Where do you get your ideas?

Trader Joe’s.  Seriously, I LOVE that store.  When Trader Joe’s is closed, though, I get my ideas from paying attention to unusual names, hobbies, jobs, conversations and stories.  Podcasts, like This American Life, are great ways to get my mind thinking of story ideas.  Reading the Sunday newspaper usually gets me thinking as well.

 

What is your writing process? Do you have a set time to write every day? 

Every day . . . except when life gets in the way, which it sometimes does.  Most days, I exercise outside then make a big cup of hot tea before I begin writing.  I use the Pomodoro Method, which is a program of set times for work and breaks.  I found a free Pomodoro timer online, and it has increased my productivity and kept me off the Internet while writing.

 

Why did you decide to become an author? 

When I was ten and bored, I wrote a story about a horse, although I knew NOTHING about horses.  My mom read my story and made a big fuss.  That’s when I decided I’d be a writer.

But the drive to write probably hatched years earlier in the children’s section of the Northeast Regional Library in Philadelphia.  That place was a life-changer for me in the best possible way.  I was lonely and bored and found excellent company on the shelves.  A Hundred Dresses by Eleanor Estes resonated with me back then . . . and still.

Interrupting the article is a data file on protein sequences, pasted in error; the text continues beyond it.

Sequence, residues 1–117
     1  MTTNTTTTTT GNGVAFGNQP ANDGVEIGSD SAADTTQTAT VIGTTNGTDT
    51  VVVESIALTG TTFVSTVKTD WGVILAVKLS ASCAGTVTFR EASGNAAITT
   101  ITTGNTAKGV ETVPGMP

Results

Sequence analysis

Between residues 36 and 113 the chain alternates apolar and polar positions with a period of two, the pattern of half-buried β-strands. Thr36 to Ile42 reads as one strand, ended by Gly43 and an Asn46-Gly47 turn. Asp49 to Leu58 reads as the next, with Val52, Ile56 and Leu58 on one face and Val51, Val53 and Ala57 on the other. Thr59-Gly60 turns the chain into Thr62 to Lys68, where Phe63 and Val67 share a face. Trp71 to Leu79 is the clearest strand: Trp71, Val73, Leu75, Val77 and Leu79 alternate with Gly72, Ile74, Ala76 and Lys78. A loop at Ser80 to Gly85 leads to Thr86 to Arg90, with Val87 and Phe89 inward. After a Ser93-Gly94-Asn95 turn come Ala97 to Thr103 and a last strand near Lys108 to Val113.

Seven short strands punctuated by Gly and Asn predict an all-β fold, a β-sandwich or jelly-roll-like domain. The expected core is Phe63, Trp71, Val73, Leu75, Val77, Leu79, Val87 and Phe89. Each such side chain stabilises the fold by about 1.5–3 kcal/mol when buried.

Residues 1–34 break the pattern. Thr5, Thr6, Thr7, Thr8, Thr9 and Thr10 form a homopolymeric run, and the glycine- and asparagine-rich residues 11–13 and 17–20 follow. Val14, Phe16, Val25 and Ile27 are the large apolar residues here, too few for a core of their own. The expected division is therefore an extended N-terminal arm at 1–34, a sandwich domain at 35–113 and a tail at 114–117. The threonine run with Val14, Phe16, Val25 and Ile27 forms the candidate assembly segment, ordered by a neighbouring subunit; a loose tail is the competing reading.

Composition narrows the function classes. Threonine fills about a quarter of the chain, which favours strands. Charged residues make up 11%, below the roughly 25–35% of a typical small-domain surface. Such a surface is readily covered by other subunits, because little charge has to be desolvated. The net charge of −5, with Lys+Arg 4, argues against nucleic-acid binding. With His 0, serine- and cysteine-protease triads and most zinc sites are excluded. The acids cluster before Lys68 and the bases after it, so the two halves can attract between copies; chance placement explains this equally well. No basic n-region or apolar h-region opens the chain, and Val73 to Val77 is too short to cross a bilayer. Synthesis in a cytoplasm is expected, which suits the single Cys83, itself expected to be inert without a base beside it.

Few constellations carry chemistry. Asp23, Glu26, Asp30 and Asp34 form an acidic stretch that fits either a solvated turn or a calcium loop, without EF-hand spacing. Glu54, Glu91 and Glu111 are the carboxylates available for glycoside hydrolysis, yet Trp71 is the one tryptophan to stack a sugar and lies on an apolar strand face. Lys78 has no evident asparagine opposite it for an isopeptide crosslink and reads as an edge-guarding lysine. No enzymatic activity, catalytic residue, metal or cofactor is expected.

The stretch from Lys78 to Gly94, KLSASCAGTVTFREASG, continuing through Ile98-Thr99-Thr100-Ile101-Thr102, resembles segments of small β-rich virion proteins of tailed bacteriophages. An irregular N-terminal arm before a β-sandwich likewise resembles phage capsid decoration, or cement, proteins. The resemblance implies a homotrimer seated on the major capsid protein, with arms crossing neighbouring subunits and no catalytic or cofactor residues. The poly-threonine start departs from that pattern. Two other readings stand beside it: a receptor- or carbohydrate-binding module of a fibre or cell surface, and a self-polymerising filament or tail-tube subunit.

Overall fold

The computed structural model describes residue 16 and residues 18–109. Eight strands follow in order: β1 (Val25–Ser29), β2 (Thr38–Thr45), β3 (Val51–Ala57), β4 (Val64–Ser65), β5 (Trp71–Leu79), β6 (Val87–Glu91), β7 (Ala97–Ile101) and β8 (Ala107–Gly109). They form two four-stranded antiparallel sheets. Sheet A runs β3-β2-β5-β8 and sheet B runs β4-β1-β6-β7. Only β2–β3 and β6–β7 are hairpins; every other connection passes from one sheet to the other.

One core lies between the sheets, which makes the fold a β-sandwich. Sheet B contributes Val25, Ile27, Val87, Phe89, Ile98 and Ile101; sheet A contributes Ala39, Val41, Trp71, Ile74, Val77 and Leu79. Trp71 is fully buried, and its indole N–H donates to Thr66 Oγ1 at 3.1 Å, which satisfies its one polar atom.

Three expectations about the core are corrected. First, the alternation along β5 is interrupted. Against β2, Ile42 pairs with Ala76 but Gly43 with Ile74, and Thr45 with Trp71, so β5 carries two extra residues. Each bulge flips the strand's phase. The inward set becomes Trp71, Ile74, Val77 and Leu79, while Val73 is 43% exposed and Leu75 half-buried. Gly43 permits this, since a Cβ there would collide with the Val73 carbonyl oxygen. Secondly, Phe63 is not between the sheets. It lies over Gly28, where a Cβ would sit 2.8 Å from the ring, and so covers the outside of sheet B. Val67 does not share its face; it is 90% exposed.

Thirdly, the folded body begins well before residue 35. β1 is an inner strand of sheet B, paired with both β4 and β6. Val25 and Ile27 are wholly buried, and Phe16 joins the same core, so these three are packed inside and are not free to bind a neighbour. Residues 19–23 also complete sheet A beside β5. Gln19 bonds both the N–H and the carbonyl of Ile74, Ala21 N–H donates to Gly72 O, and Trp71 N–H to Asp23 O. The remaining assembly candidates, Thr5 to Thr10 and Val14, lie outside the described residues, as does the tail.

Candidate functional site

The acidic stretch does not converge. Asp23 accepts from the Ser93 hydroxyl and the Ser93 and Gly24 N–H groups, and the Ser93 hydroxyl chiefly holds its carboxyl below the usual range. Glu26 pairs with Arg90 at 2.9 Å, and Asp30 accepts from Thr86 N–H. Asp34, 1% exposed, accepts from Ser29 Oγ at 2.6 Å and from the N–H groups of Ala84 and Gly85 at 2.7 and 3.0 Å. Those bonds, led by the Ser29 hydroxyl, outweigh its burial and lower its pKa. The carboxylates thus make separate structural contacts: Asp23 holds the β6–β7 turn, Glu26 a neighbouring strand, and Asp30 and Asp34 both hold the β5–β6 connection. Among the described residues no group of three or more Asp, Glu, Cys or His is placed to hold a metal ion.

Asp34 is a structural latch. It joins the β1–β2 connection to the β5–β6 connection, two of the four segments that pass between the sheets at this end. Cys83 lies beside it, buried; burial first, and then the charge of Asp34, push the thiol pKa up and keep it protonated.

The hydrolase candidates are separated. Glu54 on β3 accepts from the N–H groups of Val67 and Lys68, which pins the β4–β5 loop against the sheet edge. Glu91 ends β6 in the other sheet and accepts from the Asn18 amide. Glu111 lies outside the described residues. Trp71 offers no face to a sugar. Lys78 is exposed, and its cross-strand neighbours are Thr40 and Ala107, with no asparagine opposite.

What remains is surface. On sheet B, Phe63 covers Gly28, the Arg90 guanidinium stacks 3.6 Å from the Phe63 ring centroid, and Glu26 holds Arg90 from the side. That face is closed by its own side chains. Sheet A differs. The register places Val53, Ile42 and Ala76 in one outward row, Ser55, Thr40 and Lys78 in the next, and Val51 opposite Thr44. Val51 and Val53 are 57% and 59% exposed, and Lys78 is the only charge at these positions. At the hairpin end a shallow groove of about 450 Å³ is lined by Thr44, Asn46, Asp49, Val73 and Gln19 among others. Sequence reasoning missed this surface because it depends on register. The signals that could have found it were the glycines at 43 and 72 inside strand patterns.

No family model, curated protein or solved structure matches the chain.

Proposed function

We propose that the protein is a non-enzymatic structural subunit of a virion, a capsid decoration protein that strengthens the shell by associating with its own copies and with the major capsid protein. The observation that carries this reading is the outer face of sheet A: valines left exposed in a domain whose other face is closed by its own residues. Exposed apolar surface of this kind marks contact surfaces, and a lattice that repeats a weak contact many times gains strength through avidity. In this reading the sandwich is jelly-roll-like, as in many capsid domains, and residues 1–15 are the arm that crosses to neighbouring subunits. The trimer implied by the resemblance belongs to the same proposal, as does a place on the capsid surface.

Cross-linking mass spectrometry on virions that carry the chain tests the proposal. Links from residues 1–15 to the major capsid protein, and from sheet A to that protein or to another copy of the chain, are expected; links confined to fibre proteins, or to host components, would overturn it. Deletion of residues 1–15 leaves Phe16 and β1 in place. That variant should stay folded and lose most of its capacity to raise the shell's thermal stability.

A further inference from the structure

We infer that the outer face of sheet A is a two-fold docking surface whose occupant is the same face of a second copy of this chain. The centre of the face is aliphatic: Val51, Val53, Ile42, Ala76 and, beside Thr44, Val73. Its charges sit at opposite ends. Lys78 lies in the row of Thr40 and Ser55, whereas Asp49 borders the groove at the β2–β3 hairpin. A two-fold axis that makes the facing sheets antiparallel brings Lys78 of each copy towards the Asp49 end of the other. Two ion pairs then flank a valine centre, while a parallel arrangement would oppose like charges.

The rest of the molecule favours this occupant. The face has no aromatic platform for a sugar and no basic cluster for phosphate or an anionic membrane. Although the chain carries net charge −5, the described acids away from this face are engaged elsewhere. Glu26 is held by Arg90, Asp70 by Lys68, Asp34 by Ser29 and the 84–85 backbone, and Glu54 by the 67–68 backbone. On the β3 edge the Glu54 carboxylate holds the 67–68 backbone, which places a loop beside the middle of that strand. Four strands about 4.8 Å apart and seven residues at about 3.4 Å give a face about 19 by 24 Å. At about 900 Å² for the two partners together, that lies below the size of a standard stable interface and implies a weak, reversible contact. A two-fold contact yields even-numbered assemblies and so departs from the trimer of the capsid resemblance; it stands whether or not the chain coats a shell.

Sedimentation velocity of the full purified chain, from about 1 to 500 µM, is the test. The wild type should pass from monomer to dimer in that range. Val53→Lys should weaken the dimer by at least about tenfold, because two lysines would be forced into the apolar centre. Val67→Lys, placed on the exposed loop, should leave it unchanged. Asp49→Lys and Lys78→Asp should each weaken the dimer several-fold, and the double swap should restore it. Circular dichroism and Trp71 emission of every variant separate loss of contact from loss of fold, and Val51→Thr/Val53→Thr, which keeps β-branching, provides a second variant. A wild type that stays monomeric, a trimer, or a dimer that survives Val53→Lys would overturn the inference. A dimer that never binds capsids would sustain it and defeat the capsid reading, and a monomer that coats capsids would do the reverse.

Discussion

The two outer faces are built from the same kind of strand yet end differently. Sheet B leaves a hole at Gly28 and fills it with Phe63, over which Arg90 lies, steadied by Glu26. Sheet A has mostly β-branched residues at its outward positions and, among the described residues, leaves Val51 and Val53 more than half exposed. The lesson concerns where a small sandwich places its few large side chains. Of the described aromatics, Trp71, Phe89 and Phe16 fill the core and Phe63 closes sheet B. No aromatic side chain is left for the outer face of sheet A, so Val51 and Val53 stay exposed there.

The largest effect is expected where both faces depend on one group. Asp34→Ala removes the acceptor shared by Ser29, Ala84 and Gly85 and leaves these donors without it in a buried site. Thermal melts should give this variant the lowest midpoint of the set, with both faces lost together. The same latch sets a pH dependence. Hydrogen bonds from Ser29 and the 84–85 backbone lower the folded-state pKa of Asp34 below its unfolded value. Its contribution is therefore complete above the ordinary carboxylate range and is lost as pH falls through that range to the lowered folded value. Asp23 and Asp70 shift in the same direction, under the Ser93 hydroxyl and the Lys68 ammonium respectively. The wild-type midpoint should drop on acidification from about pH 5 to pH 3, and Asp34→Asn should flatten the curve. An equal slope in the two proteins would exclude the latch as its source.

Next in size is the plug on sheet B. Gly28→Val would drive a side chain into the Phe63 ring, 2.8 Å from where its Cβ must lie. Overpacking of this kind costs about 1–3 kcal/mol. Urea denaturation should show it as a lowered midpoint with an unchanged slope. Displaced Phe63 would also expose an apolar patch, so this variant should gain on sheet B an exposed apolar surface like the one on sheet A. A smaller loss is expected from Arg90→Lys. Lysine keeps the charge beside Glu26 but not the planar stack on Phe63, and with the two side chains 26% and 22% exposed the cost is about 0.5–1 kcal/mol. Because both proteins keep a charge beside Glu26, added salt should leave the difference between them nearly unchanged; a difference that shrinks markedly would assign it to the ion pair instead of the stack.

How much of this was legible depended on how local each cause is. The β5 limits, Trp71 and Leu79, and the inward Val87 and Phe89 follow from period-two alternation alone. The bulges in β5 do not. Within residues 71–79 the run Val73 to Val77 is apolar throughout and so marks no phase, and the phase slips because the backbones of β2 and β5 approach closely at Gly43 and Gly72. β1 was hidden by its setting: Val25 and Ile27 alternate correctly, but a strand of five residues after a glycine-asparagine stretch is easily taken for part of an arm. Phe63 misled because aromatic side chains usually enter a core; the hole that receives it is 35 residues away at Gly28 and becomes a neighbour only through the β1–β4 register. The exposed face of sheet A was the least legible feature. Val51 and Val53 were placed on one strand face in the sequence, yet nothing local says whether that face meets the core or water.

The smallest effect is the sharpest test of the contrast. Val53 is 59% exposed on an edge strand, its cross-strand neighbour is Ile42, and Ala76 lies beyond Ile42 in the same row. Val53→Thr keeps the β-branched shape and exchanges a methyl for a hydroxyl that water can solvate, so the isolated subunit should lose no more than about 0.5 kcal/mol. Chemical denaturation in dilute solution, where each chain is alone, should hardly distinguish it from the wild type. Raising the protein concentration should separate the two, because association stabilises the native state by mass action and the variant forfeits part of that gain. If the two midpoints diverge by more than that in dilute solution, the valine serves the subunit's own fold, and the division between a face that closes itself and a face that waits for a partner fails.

Can you name one teacher that inspired you to write or had an affect on your life? 

Heck yeah!  My 10th grade teacher, Myra Durlofsky, inspired me with her creativity and energy.  She was a great role model.  I put her in a couple of my novels, and I still keep in touch with her!

Also reconnected last year with my childhood librarian, Miss Irene.  I walked into the main library in Philadelphia with my niece and there she was – Miss Irene – looking very much like I remembered her thirty-five years before.  That was a happy reunion!

 

  Donna speaks at elementary and middle schools, book festivals, libraries and conferences, including the S.C.B.W.I. National Conference, the Erma Bombeck Writers’ Workshop, F.A.M.E., the Conference on Children’s Literature, etc. She also does Skype visits to connect with schools across the U. S. and internationally. 
 

You do Skype visits for your books, what does that entail?

I LOVE doing Skype visits.  They’re so much fun.  After my interactive presentation with lots of show-and-tell, students ask questions.  And I ask them questions about their favorite books and authors.

 

How do you interact with the students during a Skype visit?

Sometimes, I do a Jeopardy!-style quiz with the students, which gets them totally engaged.  I ask questions and have them guess the outcomes as I tell stories.  There’s no substitute for in person school visits, of course, but Skype visits come close and they are good for the environment – no travel involved.  (Also, I may or may not wear bunny slippers during Skype visits.)  http://skypeanauthor.wikifoundry.com/page/Donna+Gephart